MORE Birmingham City fans were arrested than at any other club in England’s top five leagues for a second consecutive season

The Home Office this week published the arrest and banning order figures for all the English football leagues from last season.

There were 1,638 football-related arrests in 2016-17, a 14% decrease of 257 on the previous season. The headline figure across England’s four leagues in 2016-17 is there were just four arrests for every 100,000 attendees.

Although the matches played in the Championship accounted for the highest number of football-related arrests (due to larger number of teams and attendances), the arrest rate was 4.1 arrests per 100,000 attendees, similar to the average.

Surprise, Surprise…

In terms of the which club’s supporters got into the most trouble in the 2016-17 season, more Birmingham City fans were arrested than at any other club in England’s top five leagues for a second consecutive season.

Of the 455 arrests recorded in the Championship 72 of them were Birmingham fans – making up almost 16%.

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Around a third of Birmingham’s 72 arrests were for public disorder offences but trouble at St Andrew’s  is on the up. At the end of the season, 25 of their 72 arrests were at home fixtures, a jump from nine, 12 months earlier.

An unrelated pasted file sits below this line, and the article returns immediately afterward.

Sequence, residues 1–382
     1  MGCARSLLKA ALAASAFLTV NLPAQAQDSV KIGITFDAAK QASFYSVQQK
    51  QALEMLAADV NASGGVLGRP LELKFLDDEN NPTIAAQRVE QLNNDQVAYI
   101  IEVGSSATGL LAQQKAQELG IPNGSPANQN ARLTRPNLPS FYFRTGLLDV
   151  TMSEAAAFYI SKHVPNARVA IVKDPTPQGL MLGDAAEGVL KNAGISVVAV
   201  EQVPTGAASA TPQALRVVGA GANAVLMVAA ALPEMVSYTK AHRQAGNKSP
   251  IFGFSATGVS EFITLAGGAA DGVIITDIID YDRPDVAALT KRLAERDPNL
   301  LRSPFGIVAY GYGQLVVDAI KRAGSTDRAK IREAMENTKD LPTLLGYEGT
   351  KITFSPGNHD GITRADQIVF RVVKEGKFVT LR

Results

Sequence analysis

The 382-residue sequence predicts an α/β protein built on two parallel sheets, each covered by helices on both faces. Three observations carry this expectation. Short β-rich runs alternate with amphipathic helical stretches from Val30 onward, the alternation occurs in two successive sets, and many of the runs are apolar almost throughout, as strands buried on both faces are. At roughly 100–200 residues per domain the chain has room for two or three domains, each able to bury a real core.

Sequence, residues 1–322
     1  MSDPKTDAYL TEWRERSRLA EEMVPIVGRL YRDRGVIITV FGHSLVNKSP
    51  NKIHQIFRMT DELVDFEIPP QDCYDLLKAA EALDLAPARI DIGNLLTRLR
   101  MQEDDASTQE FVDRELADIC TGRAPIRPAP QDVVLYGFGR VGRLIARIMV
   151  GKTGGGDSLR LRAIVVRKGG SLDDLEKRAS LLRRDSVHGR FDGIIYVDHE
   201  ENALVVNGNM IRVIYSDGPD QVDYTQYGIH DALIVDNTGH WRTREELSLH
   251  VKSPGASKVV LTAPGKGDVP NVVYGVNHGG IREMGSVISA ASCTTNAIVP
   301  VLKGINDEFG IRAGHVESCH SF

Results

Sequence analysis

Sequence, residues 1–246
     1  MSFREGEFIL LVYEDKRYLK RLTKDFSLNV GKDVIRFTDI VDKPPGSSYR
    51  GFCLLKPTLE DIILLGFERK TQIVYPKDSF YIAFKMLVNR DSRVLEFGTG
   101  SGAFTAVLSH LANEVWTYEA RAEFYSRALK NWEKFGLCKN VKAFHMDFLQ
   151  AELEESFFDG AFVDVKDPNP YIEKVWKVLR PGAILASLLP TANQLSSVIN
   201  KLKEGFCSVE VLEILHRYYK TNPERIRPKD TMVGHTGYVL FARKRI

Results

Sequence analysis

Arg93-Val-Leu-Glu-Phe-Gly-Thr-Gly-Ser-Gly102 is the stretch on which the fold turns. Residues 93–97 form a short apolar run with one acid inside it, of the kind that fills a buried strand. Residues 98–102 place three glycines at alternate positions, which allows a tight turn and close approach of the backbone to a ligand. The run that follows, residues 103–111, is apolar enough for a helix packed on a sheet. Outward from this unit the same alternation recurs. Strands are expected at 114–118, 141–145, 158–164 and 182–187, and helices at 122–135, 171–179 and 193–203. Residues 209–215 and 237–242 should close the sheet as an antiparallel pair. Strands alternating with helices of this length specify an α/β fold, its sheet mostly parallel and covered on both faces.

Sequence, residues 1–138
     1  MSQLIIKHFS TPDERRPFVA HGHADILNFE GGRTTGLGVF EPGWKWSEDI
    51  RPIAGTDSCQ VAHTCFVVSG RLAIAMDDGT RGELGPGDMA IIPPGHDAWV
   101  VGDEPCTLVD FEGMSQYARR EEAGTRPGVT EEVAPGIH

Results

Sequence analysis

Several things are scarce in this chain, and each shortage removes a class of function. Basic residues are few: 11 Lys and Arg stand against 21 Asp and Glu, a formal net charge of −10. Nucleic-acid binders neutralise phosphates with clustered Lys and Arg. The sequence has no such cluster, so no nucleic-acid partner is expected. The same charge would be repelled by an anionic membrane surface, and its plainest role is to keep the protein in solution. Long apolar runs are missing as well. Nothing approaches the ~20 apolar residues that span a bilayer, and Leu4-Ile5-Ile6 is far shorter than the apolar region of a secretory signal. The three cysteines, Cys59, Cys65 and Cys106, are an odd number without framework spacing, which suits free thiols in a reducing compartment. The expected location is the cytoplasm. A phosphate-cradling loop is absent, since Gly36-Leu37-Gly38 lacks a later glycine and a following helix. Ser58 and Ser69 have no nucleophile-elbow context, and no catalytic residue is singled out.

West Ham supporters were behind them on 67, followed by Leeds on 61 and then it was Villa fans.

Aston Villa fans came in fourth in terms of the arrest figures across all leagues with 52 arrests, a slight increase on the 49 recorded the previous season.

The evidence of why Villa vs Blues is the most notorious fixture in English football (for the wrong reasons) is clear to see with both sets of fans in the top five clubs for arrests.

Completing the top five was Manchester City, although their 47 arrests was an improvement on the 66 recorded in 2015-16.

Public disorder (31%), violent disorder (21%) and alcohol offences (16%) remain the most common offences, while arrests for missile throwing saw a significant increase on the previous season.

Banning Orders

Banning orders normally last a minimum of three years and carry severe restrictions on match days.

When it came to active banning orders it was Wolves fans that were the worst of the West Midland’s clubs coming second with 75 to Newcastle fans’s 111, for having the most bans nationally currently in place.

Birmingham with 41 were 10th in the Championship, while Villa’s tally of 31 was the 15th highest in the division.

Overall though, the number of active banning orders in 2016-17 fell by 7% while the number of new banning orders issued fell by 5% compared to the previous season.

For the full Home Office report on Football-related arrests and banning order statistics click here

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